Medline ® Abstract for Reference 33
of 'Neurofibromatosis type 1 (NF1): Management and prognosis'
Sirolimus for non-progressive NF1-associated plexiform neurofibromas: an NF clinical trials consortium phase II study.
Weiss B, Widemann BC, Wolters P, Dombi E, Vinks AA, Cantor A, Korf B, Perentesis J, Gutmann DH, Schorry E, Packer R, Fisher MJ
Pediatr Blood Cancer. 2014 Jun;61(6):982-6.
BACKGROUND: Patients with Neurofibromatosis Type 1 (NF1) have an increased risk of developing tumors of the central and peripheral nervous system, including plexiform neurofibromas (PN), which are benign nerve sheath tumors that are among the most debilitating complications of NF1. There are no standard treatment options for PN other than surgery, which is often difficult due to the extensive growth and invasion of surrounding tissues. Mammalian Target of Rapamycin (mTOR) acts as a master switch of cellular catabolism and anabolism and controls protein translation, angiogenesis, cell motility, and proliferation. The NF1 tumor suppressor, neurofibromin, regulates the mTOR pathway activity. Sirolimus is a macrolide antibiotic that inhibits mTOR activity.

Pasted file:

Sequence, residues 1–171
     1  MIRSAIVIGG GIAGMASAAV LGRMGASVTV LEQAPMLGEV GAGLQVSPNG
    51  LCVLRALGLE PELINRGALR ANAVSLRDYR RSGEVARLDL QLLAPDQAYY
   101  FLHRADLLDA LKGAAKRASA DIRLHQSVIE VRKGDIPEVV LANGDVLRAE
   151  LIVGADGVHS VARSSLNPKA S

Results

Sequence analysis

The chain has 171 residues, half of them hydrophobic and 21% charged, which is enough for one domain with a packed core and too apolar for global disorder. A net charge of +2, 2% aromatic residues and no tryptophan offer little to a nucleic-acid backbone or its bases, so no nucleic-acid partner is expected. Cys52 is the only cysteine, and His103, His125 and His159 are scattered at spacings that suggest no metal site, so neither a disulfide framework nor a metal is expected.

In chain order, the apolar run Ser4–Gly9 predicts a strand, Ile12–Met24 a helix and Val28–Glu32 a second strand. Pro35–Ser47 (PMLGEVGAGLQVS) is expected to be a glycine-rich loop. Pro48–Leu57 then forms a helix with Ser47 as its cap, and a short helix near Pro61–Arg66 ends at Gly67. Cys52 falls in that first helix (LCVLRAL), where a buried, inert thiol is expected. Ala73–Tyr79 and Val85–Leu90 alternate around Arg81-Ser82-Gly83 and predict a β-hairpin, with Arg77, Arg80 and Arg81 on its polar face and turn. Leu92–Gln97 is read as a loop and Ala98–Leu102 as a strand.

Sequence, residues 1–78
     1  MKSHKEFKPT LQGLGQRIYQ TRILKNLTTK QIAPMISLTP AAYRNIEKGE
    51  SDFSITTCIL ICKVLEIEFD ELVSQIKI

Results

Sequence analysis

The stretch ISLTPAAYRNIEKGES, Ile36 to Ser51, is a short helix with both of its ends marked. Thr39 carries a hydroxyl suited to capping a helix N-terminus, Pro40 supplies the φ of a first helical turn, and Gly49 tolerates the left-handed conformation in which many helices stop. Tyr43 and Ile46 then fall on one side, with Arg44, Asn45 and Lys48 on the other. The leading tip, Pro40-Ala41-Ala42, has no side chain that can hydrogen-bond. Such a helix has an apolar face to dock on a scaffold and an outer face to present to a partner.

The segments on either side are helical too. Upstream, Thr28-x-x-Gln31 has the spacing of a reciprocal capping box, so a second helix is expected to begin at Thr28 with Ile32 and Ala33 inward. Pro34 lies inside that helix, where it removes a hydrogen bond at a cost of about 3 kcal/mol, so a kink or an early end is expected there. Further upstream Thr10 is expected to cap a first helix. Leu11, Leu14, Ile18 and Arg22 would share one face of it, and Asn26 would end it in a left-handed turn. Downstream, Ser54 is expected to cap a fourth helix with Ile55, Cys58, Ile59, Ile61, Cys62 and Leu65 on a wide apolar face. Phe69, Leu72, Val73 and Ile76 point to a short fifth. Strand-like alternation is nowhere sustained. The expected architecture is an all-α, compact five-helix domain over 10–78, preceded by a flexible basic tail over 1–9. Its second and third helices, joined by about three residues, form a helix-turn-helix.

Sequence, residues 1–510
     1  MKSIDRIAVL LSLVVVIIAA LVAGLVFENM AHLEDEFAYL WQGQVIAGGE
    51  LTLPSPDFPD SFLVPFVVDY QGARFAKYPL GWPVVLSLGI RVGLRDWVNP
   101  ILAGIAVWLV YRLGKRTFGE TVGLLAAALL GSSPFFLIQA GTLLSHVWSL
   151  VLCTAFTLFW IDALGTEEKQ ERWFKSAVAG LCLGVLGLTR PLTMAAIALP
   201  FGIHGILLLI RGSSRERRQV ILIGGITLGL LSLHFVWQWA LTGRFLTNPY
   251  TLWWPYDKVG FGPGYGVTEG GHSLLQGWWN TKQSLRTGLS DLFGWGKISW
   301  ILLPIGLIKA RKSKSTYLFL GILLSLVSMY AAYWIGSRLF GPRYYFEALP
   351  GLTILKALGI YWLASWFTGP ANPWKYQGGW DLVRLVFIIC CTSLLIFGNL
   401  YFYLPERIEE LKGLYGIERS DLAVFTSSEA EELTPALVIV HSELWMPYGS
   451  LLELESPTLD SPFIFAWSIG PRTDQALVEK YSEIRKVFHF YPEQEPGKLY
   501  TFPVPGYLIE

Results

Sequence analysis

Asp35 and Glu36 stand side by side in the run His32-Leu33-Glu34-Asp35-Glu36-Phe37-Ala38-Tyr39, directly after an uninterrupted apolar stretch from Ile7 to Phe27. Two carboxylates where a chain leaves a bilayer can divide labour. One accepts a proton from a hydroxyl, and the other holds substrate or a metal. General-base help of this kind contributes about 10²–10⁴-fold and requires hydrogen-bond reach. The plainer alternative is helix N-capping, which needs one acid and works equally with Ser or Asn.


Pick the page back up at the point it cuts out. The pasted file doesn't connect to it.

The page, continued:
PROCEDURE: We conducted a 2-stratum phase II clinical trial. In stratum 2, we sought to determine whether the mTOR inhibitor sirolimus in subjects with NF1 results in objective radiographic responses in inoperable PNs in the absence of documented radiographic progression at trial entry.
RESULTS: No subjects had better than stable disease by the end of six courses. However, the children's self-report responses on health-related quality of life questionnaires indicated a significant improvement in the mean scores of the Emotional and School domains from baseline to 6 months of sirolimus.
CONCLUSIONS: This study efficiently documented that sirolimus does not cause shrinkage of non-progressive PNs, and thus should not be considered as a treatment option for these tumors. This study also supports the inclusion of patient-reported outcome measures in clinical trials to assess areas of benefit that are not addressed by the medical outcomes.